The Prince Albert Police Service and Parkland Ambulance Care have teamed up with the Saskatchewan Health Authority and a roster of addiction medicine on-call physicians, to offer health-care intervention to detained individuals experiencing addiction – particularly those requiring support to stabilize and detoxify.
Individuals who are incarcerated in cells will have access to paramedic services allowing them to be triaged, assessed, treated and only if needed - transported to hospital. However, the goal of the program is to provide treatment in the cell block to provide the right care at the right time.
This one-year pilot project began May 1, 2021.
This partnership will ensure that both a senior police officer and a senior paramedic are available to oversee the detention area at the Prince Albert Police Service daily between 7:30 p.m. and 7:30 a.m.
“With close to 6,000 arrests each year in Prince Albert, including numerous arrests due to alcohol or drug intoxication, there are many times where additional medical attention might be required to ensure the safety of those detained," said Prince Albert Police Chief Jonathan Bergen.
The Prince Albert Police Service expects that having a senior medical professional on hand in the detention area will lead to enhanced support for vulnerable residents and result in fewer follow-up trips to hospital.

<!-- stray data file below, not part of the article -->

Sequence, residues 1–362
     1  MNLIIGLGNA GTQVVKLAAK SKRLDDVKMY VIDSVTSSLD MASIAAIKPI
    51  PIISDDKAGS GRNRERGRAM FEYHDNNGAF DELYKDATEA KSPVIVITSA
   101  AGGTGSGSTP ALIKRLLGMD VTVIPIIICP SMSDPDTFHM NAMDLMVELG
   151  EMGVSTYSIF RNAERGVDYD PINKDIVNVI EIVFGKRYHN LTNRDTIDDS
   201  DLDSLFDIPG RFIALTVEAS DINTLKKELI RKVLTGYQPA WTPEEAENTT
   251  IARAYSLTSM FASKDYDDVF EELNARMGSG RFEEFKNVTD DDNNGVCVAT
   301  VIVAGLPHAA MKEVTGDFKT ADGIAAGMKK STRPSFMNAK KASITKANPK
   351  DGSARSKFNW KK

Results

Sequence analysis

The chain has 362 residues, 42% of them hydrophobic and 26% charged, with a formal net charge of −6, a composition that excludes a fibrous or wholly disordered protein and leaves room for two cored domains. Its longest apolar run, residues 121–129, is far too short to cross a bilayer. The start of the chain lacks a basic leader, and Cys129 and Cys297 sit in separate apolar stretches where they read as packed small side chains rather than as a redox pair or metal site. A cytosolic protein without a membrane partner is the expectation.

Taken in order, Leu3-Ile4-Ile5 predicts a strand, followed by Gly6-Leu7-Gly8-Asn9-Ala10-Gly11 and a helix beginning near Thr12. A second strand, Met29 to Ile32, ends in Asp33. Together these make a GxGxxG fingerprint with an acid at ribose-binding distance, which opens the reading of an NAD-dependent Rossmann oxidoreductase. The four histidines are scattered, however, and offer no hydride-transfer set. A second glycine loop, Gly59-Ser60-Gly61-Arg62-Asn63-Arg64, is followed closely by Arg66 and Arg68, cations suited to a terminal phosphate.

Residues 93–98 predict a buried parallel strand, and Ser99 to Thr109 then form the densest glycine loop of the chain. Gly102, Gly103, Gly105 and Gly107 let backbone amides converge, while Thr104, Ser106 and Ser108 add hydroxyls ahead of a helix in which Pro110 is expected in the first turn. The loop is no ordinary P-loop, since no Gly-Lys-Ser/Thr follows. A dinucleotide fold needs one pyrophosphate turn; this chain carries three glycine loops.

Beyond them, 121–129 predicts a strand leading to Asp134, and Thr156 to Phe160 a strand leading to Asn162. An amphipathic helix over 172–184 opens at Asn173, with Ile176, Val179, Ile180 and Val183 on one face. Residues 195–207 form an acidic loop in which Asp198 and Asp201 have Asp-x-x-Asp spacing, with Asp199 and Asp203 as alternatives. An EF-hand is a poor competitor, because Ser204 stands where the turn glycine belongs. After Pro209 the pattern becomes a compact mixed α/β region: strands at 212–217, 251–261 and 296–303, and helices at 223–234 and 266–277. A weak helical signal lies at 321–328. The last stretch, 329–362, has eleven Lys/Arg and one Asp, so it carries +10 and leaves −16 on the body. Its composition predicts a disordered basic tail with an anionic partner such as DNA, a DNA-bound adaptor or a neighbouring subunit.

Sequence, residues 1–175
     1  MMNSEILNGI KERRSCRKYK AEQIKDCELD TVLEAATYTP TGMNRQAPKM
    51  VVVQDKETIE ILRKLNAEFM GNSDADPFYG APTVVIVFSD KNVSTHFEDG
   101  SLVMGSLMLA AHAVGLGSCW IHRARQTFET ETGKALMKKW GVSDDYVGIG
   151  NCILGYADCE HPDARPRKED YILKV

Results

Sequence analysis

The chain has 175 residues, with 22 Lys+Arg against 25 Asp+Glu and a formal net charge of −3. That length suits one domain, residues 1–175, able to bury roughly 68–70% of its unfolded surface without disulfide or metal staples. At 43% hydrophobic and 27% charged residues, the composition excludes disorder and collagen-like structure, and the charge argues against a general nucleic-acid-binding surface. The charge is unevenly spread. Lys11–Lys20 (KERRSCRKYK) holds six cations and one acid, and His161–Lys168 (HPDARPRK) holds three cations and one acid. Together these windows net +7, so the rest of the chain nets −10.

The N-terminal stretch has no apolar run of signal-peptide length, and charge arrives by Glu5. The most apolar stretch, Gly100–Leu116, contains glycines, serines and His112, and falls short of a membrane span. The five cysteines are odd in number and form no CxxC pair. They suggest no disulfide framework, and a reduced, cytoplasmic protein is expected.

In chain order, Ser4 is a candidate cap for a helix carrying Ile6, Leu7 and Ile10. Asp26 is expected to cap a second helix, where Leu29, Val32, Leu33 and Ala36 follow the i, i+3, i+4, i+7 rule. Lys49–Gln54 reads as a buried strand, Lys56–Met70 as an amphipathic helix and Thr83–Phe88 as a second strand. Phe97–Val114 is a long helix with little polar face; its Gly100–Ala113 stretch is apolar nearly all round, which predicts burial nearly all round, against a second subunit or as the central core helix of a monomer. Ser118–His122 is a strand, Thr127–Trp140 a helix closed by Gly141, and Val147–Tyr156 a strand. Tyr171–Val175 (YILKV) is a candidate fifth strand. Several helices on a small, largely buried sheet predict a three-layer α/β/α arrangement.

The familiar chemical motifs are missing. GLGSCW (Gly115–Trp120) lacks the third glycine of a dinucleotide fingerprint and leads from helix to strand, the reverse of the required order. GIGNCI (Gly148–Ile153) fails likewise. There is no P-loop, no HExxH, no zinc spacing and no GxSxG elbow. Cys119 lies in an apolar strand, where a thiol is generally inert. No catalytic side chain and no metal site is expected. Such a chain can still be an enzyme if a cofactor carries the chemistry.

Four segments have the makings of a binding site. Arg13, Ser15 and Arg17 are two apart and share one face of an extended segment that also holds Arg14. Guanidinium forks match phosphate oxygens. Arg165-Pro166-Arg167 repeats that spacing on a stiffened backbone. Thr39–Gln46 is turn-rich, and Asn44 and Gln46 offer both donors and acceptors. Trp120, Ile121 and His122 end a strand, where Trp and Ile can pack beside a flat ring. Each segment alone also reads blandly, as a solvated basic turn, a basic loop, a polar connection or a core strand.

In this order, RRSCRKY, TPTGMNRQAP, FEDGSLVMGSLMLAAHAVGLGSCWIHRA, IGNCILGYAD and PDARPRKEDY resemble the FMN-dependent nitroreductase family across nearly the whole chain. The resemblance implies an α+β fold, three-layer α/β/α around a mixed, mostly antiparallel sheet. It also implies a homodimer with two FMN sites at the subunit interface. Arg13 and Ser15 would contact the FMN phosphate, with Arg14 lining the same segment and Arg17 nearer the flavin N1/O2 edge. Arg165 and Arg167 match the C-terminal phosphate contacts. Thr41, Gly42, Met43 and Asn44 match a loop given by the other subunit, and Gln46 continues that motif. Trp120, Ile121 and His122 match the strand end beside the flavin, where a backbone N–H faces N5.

“The Prince Albert Police Service is committed to working with our community partners to ensure the health and safety of the public," said Bergen. “This partnership supports our organization's shared goals, and provides a more comprehensive approach to the supervision and safety of those in custody. We are excited to partner on this integrated approach to health."
Jennifer Suchorab, SHA Director of Mental Health and Addictions for the North East, echoes Chief Bergen's sentiments.
“Our physicians and other health staff have also noted the increased presentation of addiction intoxication over the last two years, “said Suchorab. “These individuals in custody now benefit from an on-site paramedic in the cell block."
Trevor Dutchak, Chief, Parkland Ambulance Care, said he is looking forward to continuing the initiative that also ran for one year in 2018.
“It's identical to the 2018 model, with a small change in our staffing. We know that when we are able to assess and care for these people without delay, it improves their health outcomes and reduces the burdens on hospitals," said Dutchak.
The project is funded through the provincial Mental Health and Addictions budget, specifically for individuals coping with crystal meth substance use and requiring detox services.